Big dreams little shop in VT

Hello all! I am in VT. Admittedly and sadly… i have never used a cnc machine or a plasma cutter…I am curiously considering a cnc through langmuir and have been trying to find the right plasma cutter. I am a small metalworks shop and am thinking the 2x2 model might be the right size for me, but its the plasma machine that has me confused. I was looking at langmuirs compatible list and noticed some plasma machines come with air compressors built in, but i am struggling to find one compatible for cnc. Does anyone have one? Any recommendations? I looked into hypertherm 30 air, which is listed on langmuirs site, but confirmed with hypertherm its not cnc compatible…am i just headed down the wrong path and should just consider an air compressor? My shop currently only runs 110v so i was thinking one less machine to plug in, smaller footprint a combined plasma cutter with compressor would be a good idea…no?

Welcome to The Forum.

You’re going to have a really hard time doing actual work with your limited power supplied to the shop.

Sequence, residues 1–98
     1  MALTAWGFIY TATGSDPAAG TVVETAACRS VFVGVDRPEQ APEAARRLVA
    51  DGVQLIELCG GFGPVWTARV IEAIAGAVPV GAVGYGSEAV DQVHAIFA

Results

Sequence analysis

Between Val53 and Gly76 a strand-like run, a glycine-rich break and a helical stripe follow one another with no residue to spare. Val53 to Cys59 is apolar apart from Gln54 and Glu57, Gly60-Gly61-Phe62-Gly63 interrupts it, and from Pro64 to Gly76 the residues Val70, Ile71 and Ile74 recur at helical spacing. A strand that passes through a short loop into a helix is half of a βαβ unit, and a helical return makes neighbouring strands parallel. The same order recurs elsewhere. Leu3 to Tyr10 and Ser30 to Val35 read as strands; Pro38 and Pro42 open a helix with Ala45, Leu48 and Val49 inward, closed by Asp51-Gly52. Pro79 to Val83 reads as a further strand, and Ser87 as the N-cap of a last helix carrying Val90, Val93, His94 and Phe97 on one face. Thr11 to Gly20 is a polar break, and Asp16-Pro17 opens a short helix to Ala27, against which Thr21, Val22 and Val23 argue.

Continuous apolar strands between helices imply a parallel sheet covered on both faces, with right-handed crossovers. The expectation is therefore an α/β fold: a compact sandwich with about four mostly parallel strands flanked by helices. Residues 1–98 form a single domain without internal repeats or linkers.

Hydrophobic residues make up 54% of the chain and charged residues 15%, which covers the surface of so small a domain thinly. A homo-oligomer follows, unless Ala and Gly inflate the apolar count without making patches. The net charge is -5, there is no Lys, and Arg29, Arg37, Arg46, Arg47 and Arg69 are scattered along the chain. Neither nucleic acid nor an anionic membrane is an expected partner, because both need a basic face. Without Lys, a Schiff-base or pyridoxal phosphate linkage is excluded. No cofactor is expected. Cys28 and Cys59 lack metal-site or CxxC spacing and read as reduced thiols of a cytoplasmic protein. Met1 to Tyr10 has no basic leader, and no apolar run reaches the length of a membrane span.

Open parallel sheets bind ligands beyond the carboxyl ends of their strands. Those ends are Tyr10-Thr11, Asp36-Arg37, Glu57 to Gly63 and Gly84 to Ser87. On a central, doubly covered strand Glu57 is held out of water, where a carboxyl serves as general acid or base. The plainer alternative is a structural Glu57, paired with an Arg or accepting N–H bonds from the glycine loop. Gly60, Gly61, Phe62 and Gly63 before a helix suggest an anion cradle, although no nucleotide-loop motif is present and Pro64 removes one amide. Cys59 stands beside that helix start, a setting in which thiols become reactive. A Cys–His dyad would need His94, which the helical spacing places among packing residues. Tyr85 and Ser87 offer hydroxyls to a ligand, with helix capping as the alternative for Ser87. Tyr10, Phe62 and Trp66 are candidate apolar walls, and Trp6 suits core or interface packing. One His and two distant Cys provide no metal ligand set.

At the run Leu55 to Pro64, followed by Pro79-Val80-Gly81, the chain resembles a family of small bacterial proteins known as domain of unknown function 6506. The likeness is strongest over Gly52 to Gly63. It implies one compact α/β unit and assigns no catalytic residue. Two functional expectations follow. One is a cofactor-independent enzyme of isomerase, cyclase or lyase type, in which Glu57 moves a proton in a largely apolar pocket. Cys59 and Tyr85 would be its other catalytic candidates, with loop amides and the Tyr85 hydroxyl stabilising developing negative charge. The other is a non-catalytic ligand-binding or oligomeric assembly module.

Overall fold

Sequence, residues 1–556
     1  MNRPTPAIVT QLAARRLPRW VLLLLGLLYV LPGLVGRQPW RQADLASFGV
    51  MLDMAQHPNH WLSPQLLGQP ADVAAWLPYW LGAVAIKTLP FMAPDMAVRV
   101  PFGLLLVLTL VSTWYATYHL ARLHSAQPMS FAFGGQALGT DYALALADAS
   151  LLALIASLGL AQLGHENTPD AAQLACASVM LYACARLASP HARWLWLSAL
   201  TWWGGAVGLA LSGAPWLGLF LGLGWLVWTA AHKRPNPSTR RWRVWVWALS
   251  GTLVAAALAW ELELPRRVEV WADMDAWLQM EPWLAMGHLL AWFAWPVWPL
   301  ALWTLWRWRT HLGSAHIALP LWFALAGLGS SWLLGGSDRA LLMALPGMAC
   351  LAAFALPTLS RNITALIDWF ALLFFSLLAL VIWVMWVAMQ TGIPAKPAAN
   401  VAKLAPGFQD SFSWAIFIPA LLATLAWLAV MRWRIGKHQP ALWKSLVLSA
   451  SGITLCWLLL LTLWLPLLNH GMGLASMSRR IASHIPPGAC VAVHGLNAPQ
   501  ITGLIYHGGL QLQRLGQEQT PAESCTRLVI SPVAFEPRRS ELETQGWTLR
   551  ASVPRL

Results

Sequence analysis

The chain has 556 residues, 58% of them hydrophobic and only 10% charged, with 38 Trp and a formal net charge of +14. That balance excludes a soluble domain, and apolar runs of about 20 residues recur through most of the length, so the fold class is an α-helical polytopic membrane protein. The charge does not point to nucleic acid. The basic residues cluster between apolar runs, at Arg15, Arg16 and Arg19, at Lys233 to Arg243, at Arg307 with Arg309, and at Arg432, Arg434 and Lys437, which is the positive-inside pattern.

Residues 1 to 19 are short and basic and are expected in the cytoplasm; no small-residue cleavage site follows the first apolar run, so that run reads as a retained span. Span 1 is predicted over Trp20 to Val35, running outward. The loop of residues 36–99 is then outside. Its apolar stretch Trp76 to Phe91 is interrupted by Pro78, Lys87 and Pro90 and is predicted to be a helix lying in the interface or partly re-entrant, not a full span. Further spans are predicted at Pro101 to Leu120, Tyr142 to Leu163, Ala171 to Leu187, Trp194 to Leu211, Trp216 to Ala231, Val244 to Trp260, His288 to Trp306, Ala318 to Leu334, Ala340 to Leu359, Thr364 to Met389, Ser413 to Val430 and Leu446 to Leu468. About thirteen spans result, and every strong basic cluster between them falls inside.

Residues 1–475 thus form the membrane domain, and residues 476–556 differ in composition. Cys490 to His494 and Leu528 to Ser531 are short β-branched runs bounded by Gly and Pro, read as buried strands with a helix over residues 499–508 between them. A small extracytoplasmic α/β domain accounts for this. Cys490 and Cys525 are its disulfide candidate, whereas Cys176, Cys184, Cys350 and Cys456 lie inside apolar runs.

What thicknesses of material do you plan on cutting and in what kind of quantities?

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Welcome to the forum.
As @TinWhisperer says, it takes a lot of power to produce a good plasma cut, 120 volt is just too anemic to do a good job on anything but thin metal. Also, you need lots of dry air. A plasma cutter with built-in air might do a quick cut off a rod or plate, but you won’t be making patterns with one, the duty cycle will be way too low.

It’s good that you’re asking these questions before you start building out. You need to assess what you want to make and let us know. Lots of good support on this forum will provide plenty of guidance.

Where in VT? I love the Green Mountain state!

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Looking to cut mostly 16 guage sheet metal, the occasional 1/4 in plate steel or rebar, i do not foresee needing to cut anything larger than 5/8 inch for thickness. Quantities for sheet metal would be lots of small cuts…as an example i was looking to cut lots of metal petal shapes out of 16 guage.

I really do appreciate the feedback! I am in washington county (central VT) i love the green mountain state!

Personally I think you are going to need more power in your shop.

You might be able to do some cutting on the 16 ga using 110 but you may not get the best results. 1/4 inch and 5/8 are definitely out of the question.